While utilities like wget should work for retrieving data from the provided direct links, we recommend the use of our WISPR Database Query Form for retrieving individual file. Alternatively, for downloading of entire sets of data, we currently provide the below zip files. These zip files collectively contain all WISPR science data recorded during the encounters listed. Unless specified, the files contain data for both inner and outer cameras. The summary files, which contain the primary metadata for the observations, are also provided.


Data Collections (zip files)

Encounter 1

Encounter 2

Encounter 3

Encounter 4

Encounter 5

Encounter 6

Encounter 7

Summary (.txt) Files

PNG zip files

IMPORTANT NOTE: Please see the notes below regarding the Encounter 6 "Ratio" images


Movies/Animations

MPEGS/MP4s

MVIS (for IDL users only)

These movies are also available for in-browser viewing on this page.


Important Notes

WISPR Data Versions

As noted, processing and calibration of WISPR observations is extremely challenging. Accordingly, while we do not anticipate significant changes to the data, there may in the future be changes made to the L2 and L3 data products as our understanding of the observations and instrument behavior evolves, and as we receive more telemetry from future encounters. Thus, each .fits filename contains a version identifier (e.g. "V1" in file "psp_L3_wispr_20190404T053701_V1_1221.fits") identifying the release version.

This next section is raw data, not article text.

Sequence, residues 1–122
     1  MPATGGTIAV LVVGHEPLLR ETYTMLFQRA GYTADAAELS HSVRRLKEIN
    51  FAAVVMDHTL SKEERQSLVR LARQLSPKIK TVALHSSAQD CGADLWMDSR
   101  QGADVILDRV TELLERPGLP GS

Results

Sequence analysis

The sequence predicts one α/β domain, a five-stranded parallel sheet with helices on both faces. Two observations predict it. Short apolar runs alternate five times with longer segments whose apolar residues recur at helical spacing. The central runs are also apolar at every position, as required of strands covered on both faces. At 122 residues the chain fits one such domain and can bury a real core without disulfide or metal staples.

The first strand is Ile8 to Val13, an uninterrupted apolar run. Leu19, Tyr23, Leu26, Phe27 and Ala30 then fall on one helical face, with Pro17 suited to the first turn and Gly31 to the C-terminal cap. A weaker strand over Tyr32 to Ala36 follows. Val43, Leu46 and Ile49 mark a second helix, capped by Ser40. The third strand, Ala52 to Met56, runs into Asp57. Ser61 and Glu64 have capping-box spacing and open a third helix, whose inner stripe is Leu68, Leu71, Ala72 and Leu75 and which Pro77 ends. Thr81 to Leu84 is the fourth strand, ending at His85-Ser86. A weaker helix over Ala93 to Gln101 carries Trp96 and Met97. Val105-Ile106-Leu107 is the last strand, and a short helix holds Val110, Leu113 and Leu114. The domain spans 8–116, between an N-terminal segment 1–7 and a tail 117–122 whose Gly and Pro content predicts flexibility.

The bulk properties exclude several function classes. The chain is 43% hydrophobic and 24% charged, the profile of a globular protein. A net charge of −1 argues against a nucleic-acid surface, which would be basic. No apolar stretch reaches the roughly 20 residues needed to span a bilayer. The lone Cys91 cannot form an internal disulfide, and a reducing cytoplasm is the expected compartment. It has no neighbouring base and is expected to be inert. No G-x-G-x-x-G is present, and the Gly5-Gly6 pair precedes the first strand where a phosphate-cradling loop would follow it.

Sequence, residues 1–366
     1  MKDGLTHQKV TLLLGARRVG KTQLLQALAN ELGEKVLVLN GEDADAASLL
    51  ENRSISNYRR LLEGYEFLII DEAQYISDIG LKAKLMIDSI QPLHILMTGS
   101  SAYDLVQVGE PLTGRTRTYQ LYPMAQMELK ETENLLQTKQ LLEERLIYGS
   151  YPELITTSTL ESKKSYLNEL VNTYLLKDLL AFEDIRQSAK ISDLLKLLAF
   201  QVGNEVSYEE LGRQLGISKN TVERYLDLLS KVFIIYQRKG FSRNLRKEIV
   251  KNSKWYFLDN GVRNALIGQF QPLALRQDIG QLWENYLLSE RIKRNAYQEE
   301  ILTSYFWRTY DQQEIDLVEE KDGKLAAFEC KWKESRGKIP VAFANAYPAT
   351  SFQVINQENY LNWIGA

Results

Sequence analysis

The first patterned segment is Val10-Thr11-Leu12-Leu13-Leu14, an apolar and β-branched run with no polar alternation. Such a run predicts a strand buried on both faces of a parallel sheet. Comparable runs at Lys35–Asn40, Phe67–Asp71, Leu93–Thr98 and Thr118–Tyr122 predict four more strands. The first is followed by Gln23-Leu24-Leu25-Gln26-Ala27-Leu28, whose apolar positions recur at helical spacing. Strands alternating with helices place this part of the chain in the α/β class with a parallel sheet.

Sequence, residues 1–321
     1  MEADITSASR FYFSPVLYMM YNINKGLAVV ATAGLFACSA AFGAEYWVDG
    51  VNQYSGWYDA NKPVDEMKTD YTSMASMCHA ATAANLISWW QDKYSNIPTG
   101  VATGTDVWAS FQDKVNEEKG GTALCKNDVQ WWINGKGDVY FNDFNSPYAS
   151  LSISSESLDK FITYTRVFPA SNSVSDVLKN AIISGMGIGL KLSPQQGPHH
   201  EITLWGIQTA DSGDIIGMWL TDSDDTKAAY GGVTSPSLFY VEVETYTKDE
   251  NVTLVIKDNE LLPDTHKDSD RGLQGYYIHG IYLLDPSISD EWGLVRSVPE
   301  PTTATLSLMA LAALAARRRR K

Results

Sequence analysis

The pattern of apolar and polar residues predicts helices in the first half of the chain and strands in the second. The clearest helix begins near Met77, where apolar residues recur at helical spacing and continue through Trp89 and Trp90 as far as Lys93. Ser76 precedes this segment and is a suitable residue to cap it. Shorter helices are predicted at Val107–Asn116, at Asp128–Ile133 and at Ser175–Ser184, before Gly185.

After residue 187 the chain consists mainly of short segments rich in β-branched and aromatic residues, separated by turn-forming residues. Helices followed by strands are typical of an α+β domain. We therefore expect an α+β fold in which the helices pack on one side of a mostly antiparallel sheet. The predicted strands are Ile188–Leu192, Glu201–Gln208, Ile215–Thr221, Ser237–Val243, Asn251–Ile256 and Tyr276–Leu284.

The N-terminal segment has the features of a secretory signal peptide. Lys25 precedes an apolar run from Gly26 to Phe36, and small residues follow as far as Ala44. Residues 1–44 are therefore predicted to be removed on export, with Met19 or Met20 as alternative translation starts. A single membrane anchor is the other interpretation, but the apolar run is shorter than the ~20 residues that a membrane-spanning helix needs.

Further to this, when new data version releases occur, the entire WISPR data archive - including files that may not have been changed - will be archived separately in a historical archive. This is to ensure that researchers can access older data that they may have used in their studies, or are wishing to replicate another study. You can access these archived versions of WISPR data on via this link, but we will reiterate that you should only use these archived data products if you have a specific need to do so (e.g. replicating a result previously obtained with those data). Otherwise, you should use the most recent release of data, linked to above.

The data release version can be tracked via the VERS_CAL FITS header keyword. The most current revision version is VERS_CAL=20200915. NOTE: The VERS_CAL keyword and V# in the filename corresponds only to the version of the given file that has been released, and so data in different orbits may have different version numbers, despite being processed with the same calibration procedure.